The Center for Medicare and Medicaid Service (CMS) is offering physicians and healthcare organizations financial incentives to transform their medical record systems to Electronic Health Record (EHR) programs. This is an incredible opportunity for providers and patients alike.
The obvious benefit to providers is the cash they receive to implement the EHR. CMS hopes that this will be the catalyst to help resistant providers adapt to a paper-less healthcare environment (yes, it is a slight oxymoron to say a paper-less healthcare environment, but a good goal nonetheless). There are some less than obvious benefits that can be expected. An EHR can reduce errors in coding as direct typing from physicians limits the need for transcription. Errors in coding are costly as physicians may miss opportunities for reimbursement or file for reimbursement in error and be fined monies in the millions. The money providers receive went drastically up for outpatient-based services because of a fee-for service system over capitation, which has driven in-patient care for years. This is about to change. The concept of Diagnosis Related Groups or DRGs is about to come to the out-patient world making it the responsibility of the physician to provide care, receive monies for care, and distribute them appropriately for ancillary services. The only way for this to work is with careful computerized EHRs to keep track of CPT-Codes and proper disbursement. There is no doubt that CMS will audit the new systems and violators be fined. CMS is offering providers amazing opportunities to GET FREE MONEY, which will help avoid costs later. This all applies to providers, but patients benefit from these new EHR funds as well.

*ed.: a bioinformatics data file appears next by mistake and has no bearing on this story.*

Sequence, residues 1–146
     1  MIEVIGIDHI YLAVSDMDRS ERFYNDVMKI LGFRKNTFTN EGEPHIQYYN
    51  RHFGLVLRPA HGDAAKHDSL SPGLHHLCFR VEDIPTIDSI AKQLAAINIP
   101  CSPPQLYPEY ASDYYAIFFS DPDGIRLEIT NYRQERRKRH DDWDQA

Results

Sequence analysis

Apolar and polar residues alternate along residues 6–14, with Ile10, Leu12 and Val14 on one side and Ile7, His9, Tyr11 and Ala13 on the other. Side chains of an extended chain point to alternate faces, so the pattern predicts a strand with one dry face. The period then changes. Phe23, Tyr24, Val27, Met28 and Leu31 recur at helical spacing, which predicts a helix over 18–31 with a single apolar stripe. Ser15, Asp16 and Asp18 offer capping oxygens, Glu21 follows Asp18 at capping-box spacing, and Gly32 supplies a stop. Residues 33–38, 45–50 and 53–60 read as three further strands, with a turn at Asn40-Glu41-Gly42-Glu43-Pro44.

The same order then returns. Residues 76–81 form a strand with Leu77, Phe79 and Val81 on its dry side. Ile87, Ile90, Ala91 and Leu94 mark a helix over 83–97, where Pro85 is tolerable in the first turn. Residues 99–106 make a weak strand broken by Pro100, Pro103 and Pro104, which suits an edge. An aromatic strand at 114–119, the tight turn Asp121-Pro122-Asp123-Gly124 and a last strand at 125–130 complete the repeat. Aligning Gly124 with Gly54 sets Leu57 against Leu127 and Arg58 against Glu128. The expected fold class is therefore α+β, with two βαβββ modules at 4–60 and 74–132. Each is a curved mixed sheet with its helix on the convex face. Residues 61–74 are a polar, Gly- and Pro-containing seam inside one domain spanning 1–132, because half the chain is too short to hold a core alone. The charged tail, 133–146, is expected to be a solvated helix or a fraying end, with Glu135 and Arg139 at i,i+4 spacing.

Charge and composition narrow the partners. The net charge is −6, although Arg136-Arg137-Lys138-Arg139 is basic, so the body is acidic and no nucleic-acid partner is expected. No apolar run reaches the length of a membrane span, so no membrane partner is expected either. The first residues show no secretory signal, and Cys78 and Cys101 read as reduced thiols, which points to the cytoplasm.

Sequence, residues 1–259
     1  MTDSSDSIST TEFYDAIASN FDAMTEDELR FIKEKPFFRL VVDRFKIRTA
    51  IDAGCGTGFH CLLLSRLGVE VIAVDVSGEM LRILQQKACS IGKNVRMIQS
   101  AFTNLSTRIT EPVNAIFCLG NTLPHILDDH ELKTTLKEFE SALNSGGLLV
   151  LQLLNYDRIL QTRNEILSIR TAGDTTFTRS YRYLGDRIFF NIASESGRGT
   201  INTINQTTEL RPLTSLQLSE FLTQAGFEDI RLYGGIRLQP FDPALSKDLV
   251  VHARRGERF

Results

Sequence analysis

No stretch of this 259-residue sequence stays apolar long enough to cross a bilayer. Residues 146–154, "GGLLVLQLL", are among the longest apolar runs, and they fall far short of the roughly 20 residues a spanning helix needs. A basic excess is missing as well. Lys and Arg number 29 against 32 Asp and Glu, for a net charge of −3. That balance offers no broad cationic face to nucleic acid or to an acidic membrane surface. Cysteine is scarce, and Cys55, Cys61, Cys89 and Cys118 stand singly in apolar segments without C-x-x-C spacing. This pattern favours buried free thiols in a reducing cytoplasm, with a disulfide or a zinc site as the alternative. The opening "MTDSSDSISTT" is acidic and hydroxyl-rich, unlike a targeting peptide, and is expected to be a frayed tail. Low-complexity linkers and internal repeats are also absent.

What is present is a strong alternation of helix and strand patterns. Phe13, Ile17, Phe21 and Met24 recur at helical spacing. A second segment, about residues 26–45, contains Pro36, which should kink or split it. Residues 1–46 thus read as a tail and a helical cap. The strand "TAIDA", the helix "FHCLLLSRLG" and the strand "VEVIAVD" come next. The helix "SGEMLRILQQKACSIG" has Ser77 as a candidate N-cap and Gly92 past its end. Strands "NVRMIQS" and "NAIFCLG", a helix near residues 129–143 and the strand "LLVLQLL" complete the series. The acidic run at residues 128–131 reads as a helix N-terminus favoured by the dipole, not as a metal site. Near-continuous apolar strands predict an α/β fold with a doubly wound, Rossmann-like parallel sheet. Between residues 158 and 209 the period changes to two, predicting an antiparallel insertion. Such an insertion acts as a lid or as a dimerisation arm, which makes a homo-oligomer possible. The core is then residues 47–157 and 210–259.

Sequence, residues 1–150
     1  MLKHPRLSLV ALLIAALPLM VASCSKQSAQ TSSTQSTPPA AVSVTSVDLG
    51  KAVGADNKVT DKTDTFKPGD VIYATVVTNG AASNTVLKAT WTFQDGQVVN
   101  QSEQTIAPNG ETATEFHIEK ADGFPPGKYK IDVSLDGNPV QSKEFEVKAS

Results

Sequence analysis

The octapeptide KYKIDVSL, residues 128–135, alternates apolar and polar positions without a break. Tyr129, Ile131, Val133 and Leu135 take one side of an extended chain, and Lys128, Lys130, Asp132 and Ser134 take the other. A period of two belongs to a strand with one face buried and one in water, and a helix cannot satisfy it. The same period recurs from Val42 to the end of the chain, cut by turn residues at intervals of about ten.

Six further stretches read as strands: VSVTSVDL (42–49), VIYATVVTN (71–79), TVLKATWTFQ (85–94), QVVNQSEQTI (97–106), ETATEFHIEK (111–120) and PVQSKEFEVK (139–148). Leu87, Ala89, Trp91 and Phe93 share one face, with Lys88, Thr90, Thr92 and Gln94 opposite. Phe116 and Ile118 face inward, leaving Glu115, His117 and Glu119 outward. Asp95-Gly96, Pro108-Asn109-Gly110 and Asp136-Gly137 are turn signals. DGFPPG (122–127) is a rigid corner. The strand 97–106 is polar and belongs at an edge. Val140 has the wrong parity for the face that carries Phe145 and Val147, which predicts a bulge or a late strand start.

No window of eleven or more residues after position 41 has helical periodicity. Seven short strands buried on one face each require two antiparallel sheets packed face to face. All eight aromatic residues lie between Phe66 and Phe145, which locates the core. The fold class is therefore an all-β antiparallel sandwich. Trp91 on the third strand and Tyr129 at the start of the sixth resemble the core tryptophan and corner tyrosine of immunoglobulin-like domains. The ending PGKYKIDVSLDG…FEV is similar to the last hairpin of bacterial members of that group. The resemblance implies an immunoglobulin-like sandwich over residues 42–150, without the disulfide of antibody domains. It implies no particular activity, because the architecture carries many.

The Institute of Medicine put out a report regarding medical errors over 10 years ago, which documented the severity of medical related errors to patient safety. Since then, providers have been changing rules on how orders are written and results transmitted in an effort to reduce harm to patients when they are at their most vulnerable. Mistakes are inevitable but these actions have drastically reduced them. One specific value to EHRs in a hospital-based system is the direct physician order modules in which a physician enters an order directly rather than having a nurse or secretary transcribe their orders. On an outpatient level, new EHRs offer prescription-writing programs that print on special prescription paper rather than needing a handwritten document. This along with the latest technology of electronically submitting prescriptions to pharmacies reduces the possibility of medication dispensing errors, which can have poor outcomes. Patients also receive financial benefits because of better coding. It ensures that proper information is passed to their insurance companies and that they only get billed for the services rendered. The financial benefit will also be seen on a premium level as reimbursement becomes more exact and fewer errors occur, but these changes will take probably 15 or more years to actually see.
The bottom line is that whether you are a patient or a provider, EHRs are extremely beneficial. CMS is putting our tax dollars to work. It is not often that tax dollar spending can be seen so clearly, it is a refreshing change just in time for the presidential election.